Oncology, as with other areas of Drug Discovery, is a shifting landscape. As we come towards the end of 2013 we look forward to what some of the current trends and focus of Oncology may be in 2014.
As a starting point, we wanted to compare and contrast the informal feedback from our scientists and business development teams with thought leadership from research and development organisations around the world. What are people talking about and what are they publishing on? We analysed the last 3 years of publications and presentations at AACR’s annual meetings and the AACR/EORTC Molecular Targets and Cancer Therapeutics conferences to look for potential trends, and found some surprising results.
The first group analysed were the main solid cancer types. The relative frequency of key words between the main cancer types in 2013 is listed below:
Has there been a significant shift or change in focus between the main solid tumor cancer areas? We looked at the change in frequency of key words between 2011 and 2013 as a percentage change compared to the overall number of presentations each year:
Overall, there does not appear to be any dramatic change in the frequency of publications around each cancer type. We will bear in mind the dip in Prostate numbers at the 2013 EORTC compared to previous years when we review 2014, as at this point it may just be an outlier.
The second group analysed were the haematological cancer types. The relative frequency of key words between the main cancer types in 2013 is listed below:
Has there been a significant shift or change in focus between the main haematological cancer areas? We looked at the change in frequency of key words between 2011 and 2013 as a percentage change compared to the overall number of presentations each year.
Considering the relatively low total number of times haematological key words are mentioned, there does not appear to be a significant change in the frequency or focus. We will continue to monitor the numbers in 2014.
So the news so far does not appear to show any dramatic shifts in the patterns of areas of interest for research. However, when switching to the frequency in the use of terms more relevant to the informal feedback from our scientific and business development teams, we begin to see some important trends emerging.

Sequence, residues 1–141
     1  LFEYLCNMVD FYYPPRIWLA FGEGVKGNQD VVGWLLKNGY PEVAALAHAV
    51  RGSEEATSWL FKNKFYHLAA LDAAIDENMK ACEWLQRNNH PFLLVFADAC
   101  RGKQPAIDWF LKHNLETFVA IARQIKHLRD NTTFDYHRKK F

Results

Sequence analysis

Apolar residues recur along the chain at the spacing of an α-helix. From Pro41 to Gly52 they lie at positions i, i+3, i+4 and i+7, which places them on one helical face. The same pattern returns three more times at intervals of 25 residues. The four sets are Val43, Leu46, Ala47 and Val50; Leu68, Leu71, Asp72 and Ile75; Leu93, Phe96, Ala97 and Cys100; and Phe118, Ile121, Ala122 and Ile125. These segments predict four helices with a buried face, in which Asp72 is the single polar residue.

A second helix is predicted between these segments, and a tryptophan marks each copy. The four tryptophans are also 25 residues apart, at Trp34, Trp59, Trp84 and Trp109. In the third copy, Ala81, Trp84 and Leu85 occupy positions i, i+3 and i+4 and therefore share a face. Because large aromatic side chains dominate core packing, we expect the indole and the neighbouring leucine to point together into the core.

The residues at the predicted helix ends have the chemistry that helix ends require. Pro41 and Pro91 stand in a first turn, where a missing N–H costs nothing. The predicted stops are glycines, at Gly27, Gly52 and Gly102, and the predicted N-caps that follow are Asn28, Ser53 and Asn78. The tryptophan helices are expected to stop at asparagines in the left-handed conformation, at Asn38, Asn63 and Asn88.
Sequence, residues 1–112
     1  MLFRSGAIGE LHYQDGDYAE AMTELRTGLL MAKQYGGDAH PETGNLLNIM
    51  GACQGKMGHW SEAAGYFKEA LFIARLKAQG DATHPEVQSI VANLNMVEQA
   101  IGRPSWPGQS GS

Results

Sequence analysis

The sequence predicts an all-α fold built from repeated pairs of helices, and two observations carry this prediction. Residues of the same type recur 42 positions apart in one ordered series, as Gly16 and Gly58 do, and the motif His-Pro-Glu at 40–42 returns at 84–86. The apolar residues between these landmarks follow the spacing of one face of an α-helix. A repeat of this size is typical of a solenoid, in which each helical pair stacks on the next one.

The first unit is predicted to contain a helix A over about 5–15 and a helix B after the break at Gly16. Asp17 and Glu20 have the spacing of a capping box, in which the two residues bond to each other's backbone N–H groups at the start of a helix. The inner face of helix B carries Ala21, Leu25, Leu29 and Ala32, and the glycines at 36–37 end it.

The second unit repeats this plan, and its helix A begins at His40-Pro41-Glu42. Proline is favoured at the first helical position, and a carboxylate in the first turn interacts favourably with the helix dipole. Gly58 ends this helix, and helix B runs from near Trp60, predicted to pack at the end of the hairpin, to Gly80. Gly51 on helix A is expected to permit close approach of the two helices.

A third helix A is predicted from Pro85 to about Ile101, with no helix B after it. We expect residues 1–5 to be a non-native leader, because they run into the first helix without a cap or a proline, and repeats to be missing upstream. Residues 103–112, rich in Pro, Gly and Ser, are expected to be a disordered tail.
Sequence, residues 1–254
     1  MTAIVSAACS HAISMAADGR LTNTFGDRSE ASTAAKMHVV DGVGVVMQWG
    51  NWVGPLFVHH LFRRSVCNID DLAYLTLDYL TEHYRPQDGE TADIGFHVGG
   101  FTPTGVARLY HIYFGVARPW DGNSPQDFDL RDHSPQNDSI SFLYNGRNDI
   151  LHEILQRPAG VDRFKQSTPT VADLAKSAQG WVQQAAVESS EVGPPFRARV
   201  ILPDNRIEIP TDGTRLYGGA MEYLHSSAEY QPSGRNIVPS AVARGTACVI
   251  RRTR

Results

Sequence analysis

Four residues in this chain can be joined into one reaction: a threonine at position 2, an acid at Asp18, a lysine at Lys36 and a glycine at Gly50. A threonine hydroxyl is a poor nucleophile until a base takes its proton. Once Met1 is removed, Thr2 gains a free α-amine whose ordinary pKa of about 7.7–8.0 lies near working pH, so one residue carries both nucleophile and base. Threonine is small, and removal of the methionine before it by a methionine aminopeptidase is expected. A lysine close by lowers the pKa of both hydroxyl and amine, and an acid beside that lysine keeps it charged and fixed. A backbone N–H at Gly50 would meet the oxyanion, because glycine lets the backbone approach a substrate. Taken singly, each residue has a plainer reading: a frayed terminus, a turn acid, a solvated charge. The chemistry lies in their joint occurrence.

Resistance, Immunotherapy, Tumor Microenvironment & EMT
A common theme from 2013 has been the focus by oncology drug discovery on resistance – whether mechanistic, or simply looking for pharmacological approaches to overcome resistance. In the last 2 years the relative frequency with which resistance has been mentioned in publications at AACR has increased by 22%. The use of the terms Tumor Microenvironment and EMT have also increased by a similar number of 19%. Interestingly, the mention of immunotherapy has not significantly increased, even though there have been a burgeoning number of articles referring to the importance of immunotherapy. This does not appear to be feeding through to research publication at this point. Perhaps a sign that early drug discovery does not necessarily equate with publication numbers.
When reviewing over 40 other terms and reference to key mutations whilst there are a few noticeable exceptions, the majority of terms and the reference to their use remains surprisingly constant. One particular terms though stands out above all others.
Whilst it may be no surprise to many, the phenomenal increase in the use of Patient-Derived Xenograft models for Drug Discovery has clearly become “mainstream” in 2013. A seven fold increase in the number of times PDX is referenced over the last 2 years at AACR and 9 fold increase at the EORTC, attests to their dramatic increase in use both as research tools and drug discovery platforms. Crown’s HuPrime® collection of over 650 characterised PDX models remains the gold standard for drug discovery researchers to test their novel agents against solid tumors and the HuKemia® provides a unique collection of patient-derived haematological models. Their use in Phase II-like studies or human surrogate trials (HuTrialTM) is dramatically changing the way compounds are evaluated prior to transitioning into the clinical setting.
Want to know more about current trends and models available for your drug discovery program? Contact us today for a personal discussion about how we can help.